What’s the point? For some, I suppose it could be an opening to the next great discovery. For most, however, it’s perhaps an invitation to let go of all the searching and “knowing” of the discoveries of others, and to turn our gaze inward instead, to get to know who we truly are. Therein lies our own unique potential, our gift to the world. While our gift may not go down in history the same way as Galileo’s, it will nevertheless create the energy to light our way in the world, to know that we have lived our own truth. From the 17th century Japanese poet Basho, “Seek not the masters; seek what the masters sought.”



Openings to New Possibility

My book: A Field Guide to Life: How to Live With Authenticity and Freedom – This ebook offers a path beyond the limiting belief that you can’t live an extraordinary life, and helps you to reclaim the power of your deepest longing. You can purchase the ebook, or read it as a series of blog articles to which you can subscribe at no cost. About 2/3 of the book is now out there on my blog; to be continued.

11 Years: 2012 concluded 11 years of monthly newsletters from The Road Not Taken. If you’d like the full set, (132 issues), it’s available for purchase on my website here as a single pdf file. I’m deeply grateful to those who have been readers for much or all of this time.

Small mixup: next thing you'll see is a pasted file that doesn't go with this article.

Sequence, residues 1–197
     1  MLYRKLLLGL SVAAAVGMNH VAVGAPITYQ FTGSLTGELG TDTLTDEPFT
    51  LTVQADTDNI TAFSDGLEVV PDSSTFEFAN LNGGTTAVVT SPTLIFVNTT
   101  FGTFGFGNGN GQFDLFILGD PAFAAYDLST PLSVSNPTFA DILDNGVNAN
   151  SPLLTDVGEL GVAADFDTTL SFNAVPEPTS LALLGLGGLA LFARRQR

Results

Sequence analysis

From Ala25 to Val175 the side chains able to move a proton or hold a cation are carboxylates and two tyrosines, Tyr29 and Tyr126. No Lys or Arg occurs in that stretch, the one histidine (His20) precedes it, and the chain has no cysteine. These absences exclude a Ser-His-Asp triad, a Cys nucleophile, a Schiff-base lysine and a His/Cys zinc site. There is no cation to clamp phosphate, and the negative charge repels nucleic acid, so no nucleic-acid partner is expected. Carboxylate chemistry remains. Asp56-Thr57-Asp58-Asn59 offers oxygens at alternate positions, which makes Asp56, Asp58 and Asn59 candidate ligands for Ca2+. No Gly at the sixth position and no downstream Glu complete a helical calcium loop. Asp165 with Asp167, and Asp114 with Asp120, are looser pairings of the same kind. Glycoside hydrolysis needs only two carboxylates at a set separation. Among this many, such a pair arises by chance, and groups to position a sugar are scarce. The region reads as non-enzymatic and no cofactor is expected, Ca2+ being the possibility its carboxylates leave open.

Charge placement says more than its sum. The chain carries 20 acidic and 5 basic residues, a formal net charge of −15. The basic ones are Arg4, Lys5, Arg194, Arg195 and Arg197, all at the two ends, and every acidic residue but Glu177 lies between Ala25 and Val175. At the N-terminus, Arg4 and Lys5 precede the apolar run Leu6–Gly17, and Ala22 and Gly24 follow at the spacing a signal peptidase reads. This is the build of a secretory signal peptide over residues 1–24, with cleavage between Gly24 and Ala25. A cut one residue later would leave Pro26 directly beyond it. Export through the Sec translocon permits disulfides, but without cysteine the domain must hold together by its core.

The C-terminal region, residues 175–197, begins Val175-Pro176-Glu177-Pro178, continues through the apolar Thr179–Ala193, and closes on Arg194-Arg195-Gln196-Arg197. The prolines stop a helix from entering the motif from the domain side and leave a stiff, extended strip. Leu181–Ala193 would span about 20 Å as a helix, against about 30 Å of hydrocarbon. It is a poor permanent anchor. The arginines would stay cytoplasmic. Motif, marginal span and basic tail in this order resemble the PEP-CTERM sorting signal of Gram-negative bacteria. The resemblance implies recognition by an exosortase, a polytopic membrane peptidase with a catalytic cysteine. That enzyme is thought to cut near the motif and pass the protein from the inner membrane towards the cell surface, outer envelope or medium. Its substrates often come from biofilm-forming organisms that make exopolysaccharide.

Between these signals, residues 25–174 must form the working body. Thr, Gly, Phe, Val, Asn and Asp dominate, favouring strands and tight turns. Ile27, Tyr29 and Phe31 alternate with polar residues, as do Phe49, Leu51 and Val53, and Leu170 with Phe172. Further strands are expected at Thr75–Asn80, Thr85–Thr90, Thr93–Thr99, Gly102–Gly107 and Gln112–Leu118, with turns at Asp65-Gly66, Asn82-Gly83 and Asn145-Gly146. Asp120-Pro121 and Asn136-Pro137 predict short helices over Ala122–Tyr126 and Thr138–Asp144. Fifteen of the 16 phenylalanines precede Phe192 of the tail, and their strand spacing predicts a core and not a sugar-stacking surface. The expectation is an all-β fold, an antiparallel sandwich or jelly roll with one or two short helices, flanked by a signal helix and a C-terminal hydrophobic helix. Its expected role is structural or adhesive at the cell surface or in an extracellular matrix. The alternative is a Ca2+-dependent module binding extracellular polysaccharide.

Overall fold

Gift ideas: In my spare time, I lead nature tours to some of the world’s special places. I’ve selected a few images from my travels and make them available here on a variety of fun products, from note cards to coffee mugs.

Join The Road Not Taken Community, a no-cost subscription offering giving you an opportunity to stay connected, interact, be challenged, learn. See articles, newsletters and blogs; you’ll find “new stuff” here regularly. I welcome comments and conversation; this kind of dialogue is an example of how we may all learn together.  

An invitation to bold possibility: Big ideas have big potential. They become your ideas with personal felt experience of them. Gaining personal experience is often difficult because, on our own, we use the same thinking that got us here to take us forward. If you’d like to consider a “guide for the unexplored territory” of your future, contact me, I’ll meet you wherever you may be on your path, and together we’ll chart a course into your potential.  

Book of the month Living Beautifully: with Uncertainty and Change, by Pema Chodron. All her work has beauty, depth and practicality. In her latest, Pema Chodron advocates living more fully with uncertainty, and not, as she puts it, from less-than-satisfying, habitual, fear-based clinging to the shore. She offers three practices to help create a personal felt experience of the journey from shore, leaving you wanting more.  …  And, if you’re on Cape Cod, you’ll find this book available at the Market Street Bookshop in Mashpee Commons – 508-539-6985.


Download February 2013 pdf